New perspectives on sensory mechanisms

August 29, 2011
Cutaneous touch receptor: end-organs in hairy skin. The latest perspectives in general physiology series examines the mechanisms of visual, aural, olfactory, and tactile processes in mammals. Credit: Bautista, D.M., and E.A. Lumpkin. 2011. J. Gen. Physiol. doi:10.1085/jgp.201110637.

The latest Perspectives in General Physiology series examines the mechanisms of visual, aural, olfactory, and tactile processes that inform us about the environment. The series appears in the September 2011 issue of the Journal of General Physiology.

Everything that mammals perceive about the environment is based on the transmission to the brain of signals originating in sensory organs such as the eye, ear, nose, and skin. As described by UCLA researchers Robert Farley and Alapakkam Sampath in their introduction to the series, the encoding of sensory information is initiated by specialized peripheral sensory and refined by local neural circuits, with both excitatory and inhibitory inputs ultimately analyzed and interpreted in the .

The Perspectives series provides a comprehensive summary of what is currently understood about the mechanisms of information processing in multiple mammalian sensory systems. Such a comparative approach across systems provides insight into the common strategies that might be used by researchers to quantify and characterize that information.

In the Perspective series, Schwartz and Rieke discuss the visual system, where the of sensory encoding have been most investigated; Bautista and Lumpkin focus on the cells and molecules that mediate light touch in the periphery; Reisert and Zhao focus on how cells encode the presence of odorants in the environment; and Zhang et al. emphasize the important and varied roles inhibitory mechanisms play in encoding auditory signals.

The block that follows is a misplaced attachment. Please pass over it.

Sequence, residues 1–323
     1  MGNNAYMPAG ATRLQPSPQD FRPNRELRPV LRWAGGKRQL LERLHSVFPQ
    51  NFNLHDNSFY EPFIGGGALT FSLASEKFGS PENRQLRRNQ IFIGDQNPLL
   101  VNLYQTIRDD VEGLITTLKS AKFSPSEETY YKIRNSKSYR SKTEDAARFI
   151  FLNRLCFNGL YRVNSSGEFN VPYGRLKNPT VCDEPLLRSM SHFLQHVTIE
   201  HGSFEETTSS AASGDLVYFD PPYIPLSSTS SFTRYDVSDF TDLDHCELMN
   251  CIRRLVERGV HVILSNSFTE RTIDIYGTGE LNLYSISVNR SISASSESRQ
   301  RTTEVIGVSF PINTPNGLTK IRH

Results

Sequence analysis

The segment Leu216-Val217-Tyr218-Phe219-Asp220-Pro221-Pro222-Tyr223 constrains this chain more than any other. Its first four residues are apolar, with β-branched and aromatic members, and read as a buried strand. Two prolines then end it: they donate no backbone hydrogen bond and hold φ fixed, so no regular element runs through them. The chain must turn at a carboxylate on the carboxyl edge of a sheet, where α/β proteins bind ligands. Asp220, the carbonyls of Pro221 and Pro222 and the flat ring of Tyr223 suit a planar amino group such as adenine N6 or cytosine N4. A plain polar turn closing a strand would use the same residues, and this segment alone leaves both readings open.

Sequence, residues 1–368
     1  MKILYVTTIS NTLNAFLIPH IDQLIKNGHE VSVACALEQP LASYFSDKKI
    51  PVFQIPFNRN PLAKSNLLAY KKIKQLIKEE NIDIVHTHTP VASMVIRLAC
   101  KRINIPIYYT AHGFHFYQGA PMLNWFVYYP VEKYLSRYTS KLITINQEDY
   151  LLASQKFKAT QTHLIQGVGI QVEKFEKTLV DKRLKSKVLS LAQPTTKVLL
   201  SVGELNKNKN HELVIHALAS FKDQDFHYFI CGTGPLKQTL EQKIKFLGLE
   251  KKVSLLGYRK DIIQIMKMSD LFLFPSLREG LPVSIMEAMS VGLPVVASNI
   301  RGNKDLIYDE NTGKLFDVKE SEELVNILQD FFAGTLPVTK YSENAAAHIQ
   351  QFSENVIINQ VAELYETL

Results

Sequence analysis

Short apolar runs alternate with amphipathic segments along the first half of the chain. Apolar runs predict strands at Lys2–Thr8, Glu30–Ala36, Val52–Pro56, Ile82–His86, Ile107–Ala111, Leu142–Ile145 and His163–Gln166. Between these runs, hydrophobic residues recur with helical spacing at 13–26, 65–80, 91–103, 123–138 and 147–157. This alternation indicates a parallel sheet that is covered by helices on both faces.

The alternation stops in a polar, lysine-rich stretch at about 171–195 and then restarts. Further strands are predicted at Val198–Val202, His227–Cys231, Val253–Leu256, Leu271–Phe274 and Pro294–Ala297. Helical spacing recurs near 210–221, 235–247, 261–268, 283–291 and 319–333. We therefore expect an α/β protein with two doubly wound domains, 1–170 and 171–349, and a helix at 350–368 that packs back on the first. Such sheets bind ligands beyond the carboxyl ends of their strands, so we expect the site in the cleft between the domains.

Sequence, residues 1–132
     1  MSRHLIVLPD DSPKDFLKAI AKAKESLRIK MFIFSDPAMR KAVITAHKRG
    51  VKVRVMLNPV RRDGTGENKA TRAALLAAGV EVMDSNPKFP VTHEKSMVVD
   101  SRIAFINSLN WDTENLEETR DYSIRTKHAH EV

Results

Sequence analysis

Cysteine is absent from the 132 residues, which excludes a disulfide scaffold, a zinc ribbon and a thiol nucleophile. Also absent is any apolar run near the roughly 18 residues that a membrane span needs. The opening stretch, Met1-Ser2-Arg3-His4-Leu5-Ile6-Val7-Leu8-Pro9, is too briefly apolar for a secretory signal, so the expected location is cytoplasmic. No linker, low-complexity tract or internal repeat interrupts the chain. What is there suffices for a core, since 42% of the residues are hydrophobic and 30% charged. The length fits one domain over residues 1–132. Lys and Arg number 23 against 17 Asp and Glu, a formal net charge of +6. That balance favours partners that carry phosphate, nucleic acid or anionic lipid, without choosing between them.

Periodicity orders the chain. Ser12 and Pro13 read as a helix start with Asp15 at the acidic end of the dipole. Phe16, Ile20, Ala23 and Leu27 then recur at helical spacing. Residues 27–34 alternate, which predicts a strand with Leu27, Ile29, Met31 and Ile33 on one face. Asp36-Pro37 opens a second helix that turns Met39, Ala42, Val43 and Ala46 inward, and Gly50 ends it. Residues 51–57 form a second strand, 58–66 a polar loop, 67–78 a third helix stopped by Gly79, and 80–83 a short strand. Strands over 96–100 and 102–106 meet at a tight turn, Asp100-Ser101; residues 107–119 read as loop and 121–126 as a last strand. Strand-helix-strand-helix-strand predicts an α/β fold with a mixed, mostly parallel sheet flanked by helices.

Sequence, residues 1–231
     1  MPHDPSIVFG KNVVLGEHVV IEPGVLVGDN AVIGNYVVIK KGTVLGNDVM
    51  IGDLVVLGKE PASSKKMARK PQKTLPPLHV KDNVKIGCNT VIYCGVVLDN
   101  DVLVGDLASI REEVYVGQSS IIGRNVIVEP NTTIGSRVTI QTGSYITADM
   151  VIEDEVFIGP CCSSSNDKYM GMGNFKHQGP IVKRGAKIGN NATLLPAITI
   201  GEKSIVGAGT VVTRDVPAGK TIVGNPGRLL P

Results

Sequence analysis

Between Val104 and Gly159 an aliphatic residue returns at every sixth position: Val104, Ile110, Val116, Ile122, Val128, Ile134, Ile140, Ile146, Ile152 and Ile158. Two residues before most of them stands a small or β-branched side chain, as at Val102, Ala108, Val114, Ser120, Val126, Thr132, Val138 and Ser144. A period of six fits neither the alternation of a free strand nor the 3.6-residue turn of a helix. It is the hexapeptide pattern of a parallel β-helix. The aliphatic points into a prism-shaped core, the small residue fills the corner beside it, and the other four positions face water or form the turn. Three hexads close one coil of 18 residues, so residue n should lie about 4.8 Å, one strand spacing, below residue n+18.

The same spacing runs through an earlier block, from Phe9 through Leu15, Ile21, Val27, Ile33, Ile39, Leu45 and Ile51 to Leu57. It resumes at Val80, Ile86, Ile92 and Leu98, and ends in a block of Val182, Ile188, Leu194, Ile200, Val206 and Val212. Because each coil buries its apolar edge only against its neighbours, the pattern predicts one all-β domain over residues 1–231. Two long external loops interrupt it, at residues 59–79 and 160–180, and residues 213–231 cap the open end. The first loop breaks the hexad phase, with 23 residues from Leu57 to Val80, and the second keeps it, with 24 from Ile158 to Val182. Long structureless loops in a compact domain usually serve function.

The purpose of the Perspectives in General Physiology series is to provide an ongoing forum where scientific questions or controversies can be discussed by experts in an open manner.

More information:
Farley, R.A., and A.P. Sampath. 2011. J. Gen. Physiol. doi:10.1085/jgp.201110666
Schwartz, G., and F. Rieke. 2011. J. Gen. Physiol. doi:10.1085/jgp.201110629
Bautista, D.M., and E.A. Lumpkin. 2011. J. Gen. Physiol. doi:10.1085/jgp.201110637
Reisert, J., and H. Zhao. 2011. J. Gen. Physiol. doi:10.1085/jgp.201110645
Zhang, L.I., et al. 2011. J. Gen. Physiol. doi:10.1085/jgp.20111065

Related Stories

Recommended for you

Make way for hemoglobin

August 18, 2017
Every cell in the body, whether skin or muscle or brain, starts out as a generic cell that acquires its unique characteristics after undergoing a process of specialization. Nowhere is this process more dramatic than it is ...

Bio-inspired materials give boost to regenerative medicine

August 18, 2017
What if one day, we could teach our bodies to self-heal like a lizard's tail, and make severe injury or disease no more threatening than a paper cut?

Are stem cells the link between bacteria and cancer?

August 17, 2017
Gastric carcinoma is one of the most common causes of cancer-related deaths, primarily because most patients present at an advanced stage of the disease. The main cause of this cancer is the bacterium Helicobacter pylori, ...

Two-step process leads to cell immortalization and cancer

August 17, 2017
A mutation that helps make cells immortal is critical to the development of a tumor, but new research at the University of California, Berkeley suggests that becoming immortal is a more complicated process than originally ...

New Pathology Atlas maps genes in cancer to accelerate progress in personalized medicine

August 17, 2017
A new Pathology Atlas is launched today with an analysis of all human genes in all major cancers showing the consequence of their corresponding protein levels for overall patient survival. The difference in expression patterns ...

Female mouse embryos actively remove male reproductive systems

August 17, 2017
A protein called COUP-TFII determines whether a mouse embryo develops a male reproductive tract, according to researchers at the National Institutes of Health and their colleagues at Baylor College of Medicine, Houston. The ...

0 comments

Please sign in to add a comment. Registration is free, and takes less than a minute. Read more

Click here to reset your password.
Sign in to get notified via email when new comments are made.